Saturday, February 23, 2013

The Fall

It's been a bumpy week. Tuesday night Alan and I went for a run. Less than a half mile in we were traversing some nasty broken sidewalks and I was jammin' to Summer Nights by Rascal Flatts. Feeling oh so energetic and a wee bit overconfident, I was clapping my heads over my head as we breezed along. And then I bit it big time. Bam, just like that I was on the ground. Thank goodness it was dark and the only person who witnessed my crumple was my beloved. We paused for a moment, he helped me to my feet, and asked if I could still run. Thankfully the answer was yes and we finished our 3 miler. The cold air soon numbed my scraped hands and knees. I was grateful that the fall hadn't injured me in any significant way. I took it as a sign of God's faithfulness to my process of training for a half marathon this summer. I felt tough knowing the crash and the "road rash" couldn't keep me down. I huffed and puffed triumphantly. I pretended I was a "real athlete" know the kind who get hurt all the time, shrug it off, and keep playing. Yep. Key word, pretended.

Then we got home. It was warm inside and my once frozen hands started to thaw. The abrasions began to sting unmercifully. The tough girl started to melt. I don't "do" physical pain. The shower was a stinging nightmare and for the next two days I couldn't keep bandaids in place more than a hour or two on the oozing sores all over the back of my swollen right hand. My knees were ok but sore when I knelt down. I started to notice a funny pain in my upper right chest, just below my clavicle. By Thursday it hurt a bit more when I bent over or breathed deeply but it wasn't anything bad enough to keep Alan and I from going on a four mile run that night.

Again I felt triumphant, no silly fall earlier in the week was going to keep me from my training schedule. After the run I felt the pain in my chest intensify. Getting into the shower that night I could see a raised bump in the part of my chest that felt bruised and sore. Breathing became more difficult. I wondered if I'd popped a rib out of place. I did a Google search. This seemed to be what I was experiencing:
Subluxation of the rib means that one or more of the ribs have been slightly displaced, which causes pain. The pain may come from your back around to the front and can get worse when you are breathing deeply. If you lean over, the pain will get worse. Usually this condition will resolve itself in a week or two.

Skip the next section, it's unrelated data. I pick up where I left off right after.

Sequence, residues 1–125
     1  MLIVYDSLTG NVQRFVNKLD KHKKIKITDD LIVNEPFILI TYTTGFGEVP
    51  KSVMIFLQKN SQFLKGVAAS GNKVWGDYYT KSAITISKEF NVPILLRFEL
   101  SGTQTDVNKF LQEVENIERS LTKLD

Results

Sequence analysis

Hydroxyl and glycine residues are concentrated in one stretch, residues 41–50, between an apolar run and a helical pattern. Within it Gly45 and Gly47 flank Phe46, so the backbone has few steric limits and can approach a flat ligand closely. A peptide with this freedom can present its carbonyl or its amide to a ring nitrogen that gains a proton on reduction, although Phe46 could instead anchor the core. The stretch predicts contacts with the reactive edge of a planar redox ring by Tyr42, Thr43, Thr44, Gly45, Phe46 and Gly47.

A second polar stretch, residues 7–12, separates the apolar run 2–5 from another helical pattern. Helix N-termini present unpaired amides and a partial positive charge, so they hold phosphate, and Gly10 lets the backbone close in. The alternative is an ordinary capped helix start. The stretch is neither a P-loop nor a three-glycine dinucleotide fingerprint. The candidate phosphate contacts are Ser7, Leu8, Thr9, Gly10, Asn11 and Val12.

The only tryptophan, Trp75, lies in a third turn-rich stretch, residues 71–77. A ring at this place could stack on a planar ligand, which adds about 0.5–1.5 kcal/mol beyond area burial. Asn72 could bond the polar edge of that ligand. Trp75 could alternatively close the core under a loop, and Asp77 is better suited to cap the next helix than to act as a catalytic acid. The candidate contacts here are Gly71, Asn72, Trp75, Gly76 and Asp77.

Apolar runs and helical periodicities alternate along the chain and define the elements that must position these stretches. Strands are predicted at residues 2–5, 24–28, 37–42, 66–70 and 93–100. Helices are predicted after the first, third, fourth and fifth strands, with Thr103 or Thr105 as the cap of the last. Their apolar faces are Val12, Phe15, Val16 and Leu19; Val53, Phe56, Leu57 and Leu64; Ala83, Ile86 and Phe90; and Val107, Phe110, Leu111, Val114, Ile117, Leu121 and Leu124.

Alan suggested some ibuprofen, but I went to bed too proud and too strong to give in to meds. Friday morning I woke up with pain so severe I was not just frustrated, I was scared. I could hardly move. Breathing, even normally hurt like H. E. double hockey sticks. Calling Alan, who was already on his way to work, I got weepy and asked what I should do. We decided it would be best for me to go into the ER. Fearing a punctured lung or fractured rib I drove my shaken self to the hospital. Two chest x-rays later the doc came in and said, "It's nothing." Because when you can hardly breath and it feels like someone just punched you in the chest with every move you make, you like it when the doctor tells you It's NOTHING. Ugghhh. I did appreciate hearing the morning prayer over the hospital loudspeaker. It kinda made up for the loneliness and fragility I felt while laying on the gurney. Basically the nurse instructed me to take 800mg of ibuprofen every four hours for a few days, don't run for a week, and get out. 

Friday morning, the hand healing, but now feeling like I can't breath...
Well, I have to admit the ibuprofen has helped, but this wasn't the week I had planned. Is it ever? I know that "the fall" will someday be a distant memory and in the bigger picture, this week's events are really very minor. This week people I know are dealing with the loss of loved ones, are afraid that their child may have cancer, and others worry about how they will pay for food, clothing, housing, etc. I sat in the ER very aware that I had a simple choice to make - go in to the hospital for peace of mind or don't. I didn't worry about health insurance or where to go for help. I can't pretend that my normal is really normal at all. The world tells me differently every single day. I have to appreciate my choices even when it hurts to know that others don't have them. 

The other "take away" from this week for me is the reminder that our pain, no matter the size, shape, or reason behind it, is ours. If we want to live translucent lives (thanks Beth Woolsey) then we have to be real about our pain. I could of put on a brave face, walked out of the ER and said nothing but "fine" to the people who asked how my day was going. But the truth is, I wasn't fine. I was angry, sad, and uncomfortable. I joked through a text with a friend that what I wanted to do was, "just go curl up in a ball and cry...but that would have hurt too bad." It's ok to be real about the stuff we are struggling with even if it doesn't seem to come close to the level of suffering others are experiencing. I pray that my vulnerability helps others have permission to share their pain... or at least join my pity party for a bit. I believe with all my heart that what God appreciates most is honesty. If we have to fall sometimes to get real, so be it. 


  1. Not being able to run for a week sounds like torture to me. :-) In all seriousness, I hope your ribs feel better soon. Life lessons really aren't fun to go through, but I'm sure you will come out of this an even more compassionate, wise woman. Hugs to you!

    1. Thank you Crystal and Heidi. Grateful for my community of friends who respond with compassion, honesty, and love.